Conservation and Research

I work to understand and conserve areas of unique biodiversity through a combination of research, education, and close partnerships with natural resource managers. I have a wide variety of interests and experience in topics including how we can reduce the impacts of roads on large mammals;  rangeland management and restoration; and impacts of invasive species and climate change on natural systems. I am based in Lander, WY where I am the Director of Science with The Nature Conservancy's Wyoming chapter. I am also an Adjunct Associate Professor at the University of Wyoming's Department of Zoology and Physiology.

Recent News

New Grant from the Office of Surface Mining

Our sagebrush "innovative restoration" team here at The Nature Conservancy (myself, Maggie Eshleman, and Olga Kildisheva) were recently awarded a two-year grant from the Office of Surface Mining Reclamation and Enforcement. This will enable us to continue our research on the potential for seed technologies to enhance establishment success of sagebrush seedlings. We are using the idea of seed technology, which is widespread in agriculture and involves coating and modifying seeds to enhance them, to see if we can improve native plant restoration in the highly threatened sagebrush ecosystem.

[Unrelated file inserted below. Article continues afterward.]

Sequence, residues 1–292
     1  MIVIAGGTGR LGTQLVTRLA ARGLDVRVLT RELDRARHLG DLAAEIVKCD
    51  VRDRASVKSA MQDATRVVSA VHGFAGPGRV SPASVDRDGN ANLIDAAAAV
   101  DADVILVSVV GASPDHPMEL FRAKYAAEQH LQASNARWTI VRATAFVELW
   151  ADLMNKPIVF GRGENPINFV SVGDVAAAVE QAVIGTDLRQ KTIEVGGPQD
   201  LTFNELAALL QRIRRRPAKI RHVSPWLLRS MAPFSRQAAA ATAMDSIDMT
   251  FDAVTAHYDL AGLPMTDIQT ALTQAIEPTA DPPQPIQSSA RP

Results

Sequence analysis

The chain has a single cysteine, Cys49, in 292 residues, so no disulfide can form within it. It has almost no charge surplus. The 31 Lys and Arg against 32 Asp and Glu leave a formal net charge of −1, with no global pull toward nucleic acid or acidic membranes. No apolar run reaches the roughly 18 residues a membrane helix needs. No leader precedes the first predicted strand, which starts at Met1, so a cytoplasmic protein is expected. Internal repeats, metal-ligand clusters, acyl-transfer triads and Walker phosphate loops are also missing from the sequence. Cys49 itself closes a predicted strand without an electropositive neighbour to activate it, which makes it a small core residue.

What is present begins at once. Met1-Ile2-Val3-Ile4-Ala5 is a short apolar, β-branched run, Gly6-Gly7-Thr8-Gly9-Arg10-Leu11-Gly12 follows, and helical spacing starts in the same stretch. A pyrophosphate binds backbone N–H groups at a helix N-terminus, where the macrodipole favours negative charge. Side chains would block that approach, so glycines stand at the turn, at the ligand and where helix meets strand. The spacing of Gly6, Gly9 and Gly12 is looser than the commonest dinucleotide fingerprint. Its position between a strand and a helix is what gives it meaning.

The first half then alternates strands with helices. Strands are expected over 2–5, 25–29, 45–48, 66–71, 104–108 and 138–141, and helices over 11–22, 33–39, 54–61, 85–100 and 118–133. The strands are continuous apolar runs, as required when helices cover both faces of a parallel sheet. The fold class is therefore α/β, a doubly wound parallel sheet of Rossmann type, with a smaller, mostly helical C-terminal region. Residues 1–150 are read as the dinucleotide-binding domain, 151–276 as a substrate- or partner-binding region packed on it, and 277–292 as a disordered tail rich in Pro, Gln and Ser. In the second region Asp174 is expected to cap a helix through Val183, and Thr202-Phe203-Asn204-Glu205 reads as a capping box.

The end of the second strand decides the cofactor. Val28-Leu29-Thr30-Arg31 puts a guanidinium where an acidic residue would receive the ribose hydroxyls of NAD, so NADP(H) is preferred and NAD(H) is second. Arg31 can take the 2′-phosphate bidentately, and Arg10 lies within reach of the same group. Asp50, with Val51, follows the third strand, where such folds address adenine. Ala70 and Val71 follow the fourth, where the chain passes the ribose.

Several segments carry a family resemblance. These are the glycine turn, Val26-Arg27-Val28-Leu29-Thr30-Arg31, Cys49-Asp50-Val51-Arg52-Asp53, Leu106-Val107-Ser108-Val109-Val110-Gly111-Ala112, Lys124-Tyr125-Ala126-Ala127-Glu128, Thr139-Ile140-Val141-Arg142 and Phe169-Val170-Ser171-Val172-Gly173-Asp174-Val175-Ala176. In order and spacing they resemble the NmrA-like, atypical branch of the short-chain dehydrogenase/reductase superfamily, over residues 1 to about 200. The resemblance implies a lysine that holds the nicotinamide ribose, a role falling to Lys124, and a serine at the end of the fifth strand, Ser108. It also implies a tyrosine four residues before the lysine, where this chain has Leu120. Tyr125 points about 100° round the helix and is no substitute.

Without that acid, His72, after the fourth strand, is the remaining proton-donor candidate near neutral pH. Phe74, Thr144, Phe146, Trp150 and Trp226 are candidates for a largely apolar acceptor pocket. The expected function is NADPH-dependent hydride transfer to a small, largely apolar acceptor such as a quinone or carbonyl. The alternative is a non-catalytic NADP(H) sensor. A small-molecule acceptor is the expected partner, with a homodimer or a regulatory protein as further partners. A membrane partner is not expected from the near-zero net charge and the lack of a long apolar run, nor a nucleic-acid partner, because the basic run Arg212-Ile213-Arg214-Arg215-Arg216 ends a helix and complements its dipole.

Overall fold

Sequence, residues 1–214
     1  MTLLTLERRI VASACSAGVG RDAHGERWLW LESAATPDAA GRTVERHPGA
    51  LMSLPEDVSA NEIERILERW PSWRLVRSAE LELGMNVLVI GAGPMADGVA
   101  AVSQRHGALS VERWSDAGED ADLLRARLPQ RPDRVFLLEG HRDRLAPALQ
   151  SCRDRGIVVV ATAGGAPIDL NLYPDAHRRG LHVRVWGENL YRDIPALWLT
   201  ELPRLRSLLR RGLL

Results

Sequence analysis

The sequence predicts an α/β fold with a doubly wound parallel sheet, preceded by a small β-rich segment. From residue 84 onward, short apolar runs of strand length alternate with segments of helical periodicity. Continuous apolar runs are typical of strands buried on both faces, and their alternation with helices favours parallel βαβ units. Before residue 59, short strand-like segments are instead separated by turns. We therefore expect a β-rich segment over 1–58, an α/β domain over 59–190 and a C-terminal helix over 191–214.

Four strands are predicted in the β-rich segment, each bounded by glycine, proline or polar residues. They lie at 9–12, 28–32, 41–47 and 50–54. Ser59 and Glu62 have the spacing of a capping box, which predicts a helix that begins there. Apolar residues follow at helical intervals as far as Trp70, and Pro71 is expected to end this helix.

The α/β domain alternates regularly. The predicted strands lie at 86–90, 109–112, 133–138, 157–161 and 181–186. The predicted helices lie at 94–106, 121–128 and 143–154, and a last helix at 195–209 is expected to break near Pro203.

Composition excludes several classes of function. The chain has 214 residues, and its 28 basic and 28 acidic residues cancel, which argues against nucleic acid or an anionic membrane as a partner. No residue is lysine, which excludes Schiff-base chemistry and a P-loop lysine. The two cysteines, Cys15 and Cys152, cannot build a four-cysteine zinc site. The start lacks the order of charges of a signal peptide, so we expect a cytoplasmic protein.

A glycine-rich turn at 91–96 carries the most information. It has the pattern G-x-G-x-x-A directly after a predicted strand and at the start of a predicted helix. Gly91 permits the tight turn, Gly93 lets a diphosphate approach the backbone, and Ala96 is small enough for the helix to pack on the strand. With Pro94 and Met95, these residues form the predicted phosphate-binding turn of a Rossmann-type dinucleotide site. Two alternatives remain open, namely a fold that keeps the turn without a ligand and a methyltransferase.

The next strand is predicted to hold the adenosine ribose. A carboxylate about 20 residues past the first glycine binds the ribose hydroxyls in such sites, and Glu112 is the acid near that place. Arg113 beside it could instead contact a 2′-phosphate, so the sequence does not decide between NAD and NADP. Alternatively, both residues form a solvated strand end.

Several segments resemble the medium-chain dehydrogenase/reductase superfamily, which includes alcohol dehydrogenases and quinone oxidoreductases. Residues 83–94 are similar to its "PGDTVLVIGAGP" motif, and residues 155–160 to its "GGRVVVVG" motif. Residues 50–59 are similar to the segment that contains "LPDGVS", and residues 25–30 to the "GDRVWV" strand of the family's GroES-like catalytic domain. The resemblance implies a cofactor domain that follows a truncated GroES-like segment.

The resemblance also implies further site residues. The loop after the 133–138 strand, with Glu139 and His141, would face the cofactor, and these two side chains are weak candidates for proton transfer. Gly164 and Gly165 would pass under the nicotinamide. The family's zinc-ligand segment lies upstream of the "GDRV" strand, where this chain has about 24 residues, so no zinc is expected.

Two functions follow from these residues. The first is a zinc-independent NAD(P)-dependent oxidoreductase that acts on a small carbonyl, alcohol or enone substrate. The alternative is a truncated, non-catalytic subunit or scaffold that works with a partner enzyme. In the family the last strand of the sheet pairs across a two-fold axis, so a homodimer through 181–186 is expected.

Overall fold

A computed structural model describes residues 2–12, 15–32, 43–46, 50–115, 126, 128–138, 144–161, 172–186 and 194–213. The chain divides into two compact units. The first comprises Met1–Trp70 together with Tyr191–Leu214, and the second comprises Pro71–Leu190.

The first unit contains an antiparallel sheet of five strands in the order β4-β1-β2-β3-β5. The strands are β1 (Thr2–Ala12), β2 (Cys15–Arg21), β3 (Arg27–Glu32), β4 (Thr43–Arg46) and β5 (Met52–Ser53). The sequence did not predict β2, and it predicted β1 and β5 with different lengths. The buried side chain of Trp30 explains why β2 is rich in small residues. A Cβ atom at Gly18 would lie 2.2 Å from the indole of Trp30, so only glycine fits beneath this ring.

Nature's Clock is Ticking Faster

It all started with a snowshoe hike to the late Frank Craighead, Jr.'s old cabin on an inholding within Grand Teton National Park one snowy day a few years ago... as his son Charlie and wife Shirley helped me find Frank's old notes, my excitement grew: here was a gold mine of data on when plants flowered and birds arrived on their summer grounds from the 1970s, before climate change really started affecting things. Six years later, thanks to my colleague, Trevor Bloom, the research and citizen science program started that day are both blossoming. For example, we have learned that early spring plants -- important food for many animals -- are flowering three weeks earlier now than in the 70s. Learn more about this work in a video that Trevor recently produced. 

Frenemy at the Gate

In a recent paper co-authored with Todd Palmer and other colleagues, we build on the saga of the big-headed ant (Pheidole megacephala) invasion and its impacts on the savannas of Kenya. This ant kills native ants that have a mutualistic partnership with acacia trees: the ants protect the trees against herbivores like elephants (yes, tiny ants deter giant elephants!) and in return the trees give the ants a home and sugary nectar. Where the big-headed ant has invaded, the trees no longer have their native ant defenders and are being heavily impacted by browsing wildlife like elephants. But in a new twist, we show that the big-headed ant actually benefits one of the native ants and co-exists with it, partially maintaining the native ant-acacia mutualism. You can see the paper, recently published in Ecology, here.

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This page last updated December 2020